I prepared for this year's tournament more meticulously than any before, but got a worse outcome than ever before. Contestants: I hear you, I understand exactly what caused this, I have a plan to fix it, and it will never happen again. Previously, I have never had such space constraints that I would have to make it clear to the programming team that my event needed tables empty for an hour beforehand to set up the tournament. That was my downfall.

The sign-up sheet was almost full. The tournament was scheduled to start at 4PM. I was scheduled to be in the Penguicon Board of Directors meeting from 3 to 4 PM, so I got some minions to set up the tournament. I gave them setup instruction sheets and one pre-assembled material packet per table. Unfortunately, there was a presentation going on in the Private Dining during that hour, so all the tables were full of gamers. My minions are kind-hearted and would never kick gamers out of the only places available to play. Due to space constraints, they would effectively close down the entire game room, end all the games in progress, and kick pretty much everybody out. I was the only one assertive enough to do that, and I was in a meeting.

As a result, setup did not take place, and the tournament started almost an hour late in a huge panicky disorganized rush, while the room was crowded with contestants. A lot of our signed-up players walked out during this time, meaning we had to re-organize the seating chart, and it took even longer. There were some setup errors, so some games had cards in them which I did not intend, resulting in extremely slow and/or swingy games.

How to fix it:

1. A sign on each table at the start of the day, saying "Please be done with games on this table by 3PM, to allow for Dominion tournament setup".
2. Do not accept being scheduled to do something else during setup.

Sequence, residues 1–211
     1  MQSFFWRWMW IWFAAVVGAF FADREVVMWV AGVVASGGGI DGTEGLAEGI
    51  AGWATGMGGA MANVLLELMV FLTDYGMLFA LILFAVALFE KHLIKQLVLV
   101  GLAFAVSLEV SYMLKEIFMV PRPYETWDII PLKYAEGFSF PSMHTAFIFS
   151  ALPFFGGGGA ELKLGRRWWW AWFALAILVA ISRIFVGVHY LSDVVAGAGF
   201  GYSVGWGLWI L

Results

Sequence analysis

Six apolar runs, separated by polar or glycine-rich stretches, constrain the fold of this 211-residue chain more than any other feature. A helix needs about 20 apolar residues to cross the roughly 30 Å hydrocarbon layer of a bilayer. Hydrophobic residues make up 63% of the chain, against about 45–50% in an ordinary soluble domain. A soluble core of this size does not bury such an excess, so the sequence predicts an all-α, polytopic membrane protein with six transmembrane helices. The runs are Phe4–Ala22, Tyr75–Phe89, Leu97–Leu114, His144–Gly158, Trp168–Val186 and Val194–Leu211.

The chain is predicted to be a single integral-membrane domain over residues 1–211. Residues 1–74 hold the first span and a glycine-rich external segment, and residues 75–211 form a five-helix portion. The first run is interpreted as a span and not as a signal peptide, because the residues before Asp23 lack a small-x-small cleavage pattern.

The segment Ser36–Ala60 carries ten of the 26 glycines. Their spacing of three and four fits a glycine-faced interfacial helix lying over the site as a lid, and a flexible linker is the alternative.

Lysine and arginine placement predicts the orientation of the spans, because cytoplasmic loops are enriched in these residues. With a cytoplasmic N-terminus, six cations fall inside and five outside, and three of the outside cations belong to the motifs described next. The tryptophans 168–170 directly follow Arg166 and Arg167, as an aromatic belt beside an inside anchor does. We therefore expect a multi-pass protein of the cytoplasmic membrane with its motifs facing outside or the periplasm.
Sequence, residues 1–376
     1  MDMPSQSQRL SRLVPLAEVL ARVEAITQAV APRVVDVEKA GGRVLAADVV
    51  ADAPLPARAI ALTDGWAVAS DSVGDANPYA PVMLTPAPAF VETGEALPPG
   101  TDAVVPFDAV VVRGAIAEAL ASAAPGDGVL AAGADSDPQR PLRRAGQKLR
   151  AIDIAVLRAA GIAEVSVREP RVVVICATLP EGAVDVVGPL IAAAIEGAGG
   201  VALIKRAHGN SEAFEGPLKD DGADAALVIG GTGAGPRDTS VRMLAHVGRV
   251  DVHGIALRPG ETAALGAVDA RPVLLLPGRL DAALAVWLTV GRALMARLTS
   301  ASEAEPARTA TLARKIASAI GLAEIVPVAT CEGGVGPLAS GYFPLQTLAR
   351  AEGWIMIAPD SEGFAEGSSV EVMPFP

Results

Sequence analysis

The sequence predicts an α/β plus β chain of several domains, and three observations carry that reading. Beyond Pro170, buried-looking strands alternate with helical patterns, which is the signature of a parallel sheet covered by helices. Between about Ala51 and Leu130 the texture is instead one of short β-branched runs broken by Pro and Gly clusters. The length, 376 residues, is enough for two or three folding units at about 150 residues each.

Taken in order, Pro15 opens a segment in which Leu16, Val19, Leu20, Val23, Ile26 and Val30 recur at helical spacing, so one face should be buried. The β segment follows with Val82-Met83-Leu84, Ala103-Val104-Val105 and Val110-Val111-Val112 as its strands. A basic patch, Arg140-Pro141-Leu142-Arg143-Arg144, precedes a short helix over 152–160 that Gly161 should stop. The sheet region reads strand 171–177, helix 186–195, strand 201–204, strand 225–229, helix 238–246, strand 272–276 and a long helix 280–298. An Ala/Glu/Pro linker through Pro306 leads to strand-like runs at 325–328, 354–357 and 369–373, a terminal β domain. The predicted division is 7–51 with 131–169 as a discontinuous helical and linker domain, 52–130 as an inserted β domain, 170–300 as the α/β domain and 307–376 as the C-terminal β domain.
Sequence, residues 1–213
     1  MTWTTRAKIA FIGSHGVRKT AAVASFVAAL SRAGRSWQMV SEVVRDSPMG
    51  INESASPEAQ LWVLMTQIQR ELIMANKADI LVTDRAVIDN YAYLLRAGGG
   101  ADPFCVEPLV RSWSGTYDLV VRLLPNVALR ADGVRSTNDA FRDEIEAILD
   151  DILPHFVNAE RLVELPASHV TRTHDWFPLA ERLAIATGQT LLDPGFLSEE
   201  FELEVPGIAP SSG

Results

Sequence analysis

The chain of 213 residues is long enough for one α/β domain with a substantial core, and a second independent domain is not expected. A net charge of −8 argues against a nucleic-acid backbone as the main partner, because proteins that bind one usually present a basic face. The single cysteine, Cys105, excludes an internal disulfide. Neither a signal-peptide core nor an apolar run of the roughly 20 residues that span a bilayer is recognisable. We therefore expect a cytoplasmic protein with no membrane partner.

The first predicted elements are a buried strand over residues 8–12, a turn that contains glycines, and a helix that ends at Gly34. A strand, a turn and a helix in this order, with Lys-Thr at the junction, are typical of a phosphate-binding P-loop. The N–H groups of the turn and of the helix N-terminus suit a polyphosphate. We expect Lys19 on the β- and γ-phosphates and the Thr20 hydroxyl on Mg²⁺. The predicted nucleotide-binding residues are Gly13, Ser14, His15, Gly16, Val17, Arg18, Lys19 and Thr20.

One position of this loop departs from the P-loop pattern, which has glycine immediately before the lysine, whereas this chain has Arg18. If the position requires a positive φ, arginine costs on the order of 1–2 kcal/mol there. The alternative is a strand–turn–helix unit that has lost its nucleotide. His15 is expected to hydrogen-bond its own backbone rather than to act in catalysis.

Congratulations to the winner, Mike Riverso! He jotted his contact info and shipping address on Evernote on my phone. As soon as he left, it gave me a "java.io.IO" error and lost his information. I put up a sign in the lobby, and he sent me his info through email, so all's well that ends well. He will receive a copy of the new Dominion expansion, "Guilds", in about a month when it is published.

New things that went well:

Penguicon's new Dominion collection. The convention now owns two copies of every Dominion product, so we had enough cards. With thirty-two players and eight simultaneous games, it was the largest Penguicon Dominion tournament ever, so we needed it!

Using a megaphone. No more shouting myself hoarse.

I ordered plenty of "Estate" "Duchy" and "Province" ribbons to hand them out to each contestant. I have next year's supply already.
The French illustrator Naiade is my favorite game artist. FunForge has started cranking out games that immediately grab my attention with his art. So naturally, Tokaido caught my eye.

This is a game that moves quickly, and only takes about forty-five minutes.

It has a very light and non-violent tone. This is a game of vacation planning. You attempt to have as good a trip as possible along the East Sea Road ("Tōkaidō") in medieval Japan. Eat sumptuous meals, view gorgeous panoramas, buy beautiful souvenirs, and meet interesting people. Each stop along the track gives you one of these in the form of a card, which you keep face-up in front of you. Mostly, you are trying to collect combinations of cards.

The gameplay is simple: if your pawn is the farthest behind on the road, it's your turn. Move it forward to one of the tourist attractions, and take a corresponding card. Whoever is now in the back of the line-- even if that is still you-- takes a turn.

The attractions can get too crowded. Each attraction can only accommodate one or two guests at a time. In order to make sure nobody crowds you out of an attraction that is important to completing a set of cards that you need, sometimes you should pass an empty attraction and skip ahead. You can usually have exactly what you want, if you are willing to sacrifice.